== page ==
• Set-up Documentation for possible science experiments with the sensor plug-ins and low-cost, open source apparatus

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GSoC-2015 with FOSSASIA : List of sensor plug-ins developed for ExpEYES

Sensor Plug-ins for ExpEYES, Developed as a part of GSoC-2015 Project


1. Accelerometer

Sensor Used:     ADXL-335- Three axis sensor

2. Magnetic Field Sensor

Sensor Used:    KY 003, 3144 Hall Effect Sensor

3. Infra-red Object Sensor

Sensor Used:    Locally Made using IC LM-358N

4. Ultrasonic Position Sensor

Sensor Used:    SRF-05 HY, SRF-04

5. Temperature Sensor

Sensor Used:    PT-100 and LM-35

6. Humidity Sensor

Sensor Used:    DHT-11, HS-1101

7. Pressure- Barometric

Sensor Used:    BMP180 Digital sensor

8. Pressure

Sensor Used:    Pizzo Electric sensor

9. Gas Sensors

Sensor Used:    MQ-4 for Methane

MQ-6 for LPG
MQ-7 for Carbon Monoxide

10. Colour Sensor ( in progress)

Sensor Used:    IC-TCS3200D-SOP8

11. Anemometer- Wind Speed

Sensor Used:    Home-made apparatus with Hall effect sensor

12. Wind Direction

Sensor Used:    Home-made

13. Rotatory Motion Sensor

Sensor Used:    DC Motor and a pick-up coil

14. Motion Sensor-Photo Gate

Sensor Used:    Photo Gate using Photo Diode

15. Other devices used

Solar Cells
Induction coil
condensor mic
ATTINY-85 MCU used for sine wave generation
Raspberry Pi 2 Model B for stand-alone weather station

Code is here :

ExpEYES GSoC-15 Update

Sensor Plug-ins, Add-on devices and GUI Improvements for ExpEYES: Project Update

Things done so far….

Accelerometer/Acceleration sensor:

  • GUI in python  for interfacing ADXL 335 analog acceleration sensor module with ExpEYES.                                                                       ADXL 335-GY-61 is a small, thin, low power, complete three-axis accelerometer voltage output through theGY-61-228x228 signal conditioning at a minimum of full scale ± 3 g measurement range acceleration. It can measure the  acceleration of gravity, and movement, shock or vibration due to dynamic acceleration.Started creating documents for experimental setups and procedures for mechanics experiments and a few sound experiments.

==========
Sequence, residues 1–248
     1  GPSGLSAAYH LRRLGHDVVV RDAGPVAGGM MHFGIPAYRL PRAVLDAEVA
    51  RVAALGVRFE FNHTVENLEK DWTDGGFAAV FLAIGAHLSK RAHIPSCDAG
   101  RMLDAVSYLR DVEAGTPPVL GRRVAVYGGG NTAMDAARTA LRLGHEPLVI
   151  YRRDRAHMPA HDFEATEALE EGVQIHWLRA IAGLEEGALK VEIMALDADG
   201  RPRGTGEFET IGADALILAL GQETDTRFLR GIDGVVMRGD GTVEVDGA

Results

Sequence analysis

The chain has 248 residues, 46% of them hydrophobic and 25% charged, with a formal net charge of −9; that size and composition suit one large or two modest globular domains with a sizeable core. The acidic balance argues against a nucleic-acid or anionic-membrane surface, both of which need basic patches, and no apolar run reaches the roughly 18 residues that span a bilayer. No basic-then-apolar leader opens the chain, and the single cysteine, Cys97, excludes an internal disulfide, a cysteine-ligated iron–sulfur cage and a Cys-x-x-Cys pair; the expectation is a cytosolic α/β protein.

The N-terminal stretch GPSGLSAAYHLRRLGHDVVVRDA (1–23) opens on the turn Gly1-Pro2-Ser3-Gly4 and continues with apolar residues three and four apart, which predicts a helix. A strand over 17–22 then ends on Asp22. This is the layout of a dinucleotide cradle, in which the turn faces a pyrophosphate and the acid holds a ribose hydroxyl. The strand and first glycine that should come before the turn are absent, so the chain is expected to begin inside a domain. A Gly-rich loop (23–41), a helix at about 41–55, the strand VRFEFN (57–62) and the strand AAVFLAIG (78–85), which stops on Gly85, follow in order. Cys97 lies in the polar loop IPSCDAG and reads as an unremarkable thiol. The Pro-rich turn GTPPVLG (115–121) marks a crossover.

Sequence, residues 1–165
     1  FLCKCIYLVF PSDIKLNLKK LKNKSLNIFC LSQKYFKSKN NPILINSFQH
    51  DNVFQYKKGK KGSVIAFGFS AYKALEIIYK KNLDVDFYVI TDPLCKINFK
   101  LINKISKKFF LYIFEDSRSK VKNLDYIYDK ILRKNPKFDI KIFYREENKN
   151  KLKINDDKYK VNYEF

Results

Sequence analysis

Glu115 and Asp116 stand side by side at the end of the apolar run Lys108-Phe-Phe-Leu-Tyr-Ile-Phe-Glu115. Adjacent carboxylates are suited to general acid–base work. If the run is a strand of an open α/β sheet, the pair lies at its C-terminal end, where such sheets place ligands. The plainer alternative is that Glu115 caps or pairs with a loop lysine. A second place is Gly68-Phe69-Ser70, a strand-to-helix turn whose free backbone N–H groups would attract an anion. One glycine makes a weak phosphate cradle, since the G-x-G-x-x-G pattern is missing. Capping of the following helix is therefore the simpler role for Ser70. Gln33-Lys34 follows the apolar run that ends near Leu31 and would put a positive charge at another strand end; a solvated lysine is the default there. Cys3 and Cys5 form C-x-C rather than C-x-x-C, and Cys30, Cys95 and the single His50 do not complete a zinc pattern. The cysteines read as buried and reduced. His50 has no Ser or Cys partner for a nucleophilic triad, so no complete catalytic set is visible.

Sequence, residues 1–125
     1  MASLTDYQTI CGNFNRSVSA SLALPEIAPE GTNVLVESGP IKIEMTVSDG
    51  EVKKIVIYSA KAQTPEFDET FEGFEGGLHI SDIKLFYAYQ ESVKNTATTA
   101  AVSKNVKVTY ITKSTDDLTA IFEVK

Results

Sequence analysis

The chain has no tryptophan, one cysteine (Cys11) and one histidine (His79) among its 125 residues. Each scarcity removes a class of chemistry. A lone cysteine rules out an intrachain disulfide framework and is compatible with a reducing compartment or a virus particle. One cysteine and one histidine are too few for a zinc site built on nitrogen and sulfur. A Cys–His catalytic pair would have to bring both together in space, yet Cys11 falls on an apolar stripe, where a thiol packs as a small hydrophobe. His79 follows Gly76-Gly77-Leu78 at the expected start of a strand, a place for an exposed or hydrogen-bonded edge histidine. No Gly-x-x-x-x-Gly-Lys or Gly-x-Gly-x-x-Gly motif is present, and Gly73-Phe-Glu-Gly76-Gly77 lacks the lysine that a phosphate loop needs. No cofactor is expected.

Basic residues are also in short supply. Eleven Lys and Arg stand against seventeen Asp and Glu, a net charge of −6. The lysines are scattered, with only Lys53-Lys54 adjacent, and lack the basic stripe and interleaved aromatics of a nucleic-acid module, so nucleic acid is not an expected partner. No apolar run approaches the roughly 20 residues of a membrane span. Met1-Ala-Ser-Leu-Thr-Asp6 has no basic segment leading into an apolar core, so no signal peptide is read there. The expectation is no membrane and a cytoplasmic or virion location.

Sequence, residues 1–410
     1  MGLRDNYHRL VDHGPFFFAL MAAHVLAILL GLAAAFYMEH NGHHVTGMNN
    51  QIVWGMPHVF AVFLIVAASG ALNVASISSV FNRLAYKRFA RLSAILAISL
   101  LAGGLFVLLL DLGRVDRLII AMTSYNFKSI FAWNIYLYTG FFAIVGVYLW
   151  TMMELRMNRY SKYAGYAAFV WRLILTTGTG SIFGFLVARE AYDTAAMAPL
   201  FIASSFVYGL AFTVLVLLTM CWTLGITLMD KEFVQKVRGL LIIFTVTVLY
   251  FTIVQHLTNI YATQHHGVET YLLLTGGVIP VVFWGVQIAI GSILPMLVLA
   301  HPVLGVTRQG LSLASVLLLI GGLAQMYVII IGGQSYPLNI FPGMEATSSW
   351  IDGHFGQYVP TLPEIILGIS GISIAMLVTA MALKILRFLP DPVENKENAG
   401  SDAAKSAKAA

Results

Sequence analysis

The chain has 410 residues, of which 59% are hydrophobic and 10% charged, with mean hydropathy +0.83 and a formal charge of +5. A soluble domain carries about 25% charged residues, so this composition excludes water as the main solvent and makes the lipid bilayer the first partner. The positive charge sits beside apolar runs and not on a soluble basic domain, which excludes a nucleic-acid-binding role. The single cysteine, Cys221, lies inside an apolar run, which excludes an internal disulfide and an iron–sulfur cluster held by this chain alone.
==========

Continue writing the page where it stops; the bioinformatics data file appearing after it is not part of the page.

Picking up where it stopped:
• Wrote python code and conducted trials to obtain Lissajous Figures using accelerometer ADXL 335. This module is useful for pendulum and other mechanics experiments.

Humidity Measurements:DHT-11

  • Carried  out several tests with Humidity Sensors HS1101, DHT 11 and HS220. DHT11 is a digital sensor and found to give better accuracy. It also measures temperature.
  • Working on DHT11 and DHT22  as they are  most suitable for portable weather-station. GUI in python is almost ready.

Temperature Measurements:

  • Tested  LM35  temperature sensor, whose output voltage is linearly proportional to the Celsius (Centigrade) temperature. LM35 does not require any external calibration or trimming to provide typical accuracies of ±1⁄4̊ C  at room temperature and ±3⁄4̊C over a full −55 to +150 ̊C temperature range.
  • GUI to interface LM35 with ExpEYES and measure temperature in Celsius is ready.
  •  Another temperature sensor PT100 tested. It offers excellent accuracy over a wide temperature range (from –200 to +850 °C). Wrote GUI program for using PT100.

Pressure Sensor:pt100url

  • Tested BMP180 Digital Barometric Pressure Sensor Board Module :This precision sensor from Bosch is tbmp180he best low-cost sensing solution for measuring barometric pressure and temperature.  ( Need to re-write the program to read data accurately)

Magnetic Field Sensor:

  • Working on 3144 Magnetic Hall Effect Sensor. ( Not able to fetch data, but this will be useful for our home-made wind speed device)

Modifications in Existing GUI’s:hallsensor

  • GUI for using Motion sensor SRF-05, (ultrasonic position sensor) is modified  for plotting real-time position.
  • Made necessary changes in GUI for Lissajous Figures using ATTINY85.

Immediate Goals:

  1. Assembling all components of Weather Station. Almost all tools are ready except wind direction tool.
  2. Completing Single GUI for fetching Data for temperature, Humidity, Pressure, wind Velocity and Direction.
  3. Complete documentation for Sensor Plug-ins and Weather-station with images/videos
  4. Using DHT11/22 for measurement of both temperature and relative humidity. Facing difficulties in reading the output of DHT11. I could do it with aurdino but need to do it with ExpEYES.
  5. Auto tweet weather data fetched from sensors.


Google Code-In 2014 with FOSSASIA

fossasia logoFOSSASIA, best known for their Open Technology Event in Asia, is a non-profit organization that supports Free and Open Source Projects that range from Open Source software, to design, graphics and open hardware in Asia and around the world. The aim of FOSSASIA is to develop and adapt new technologies for social change.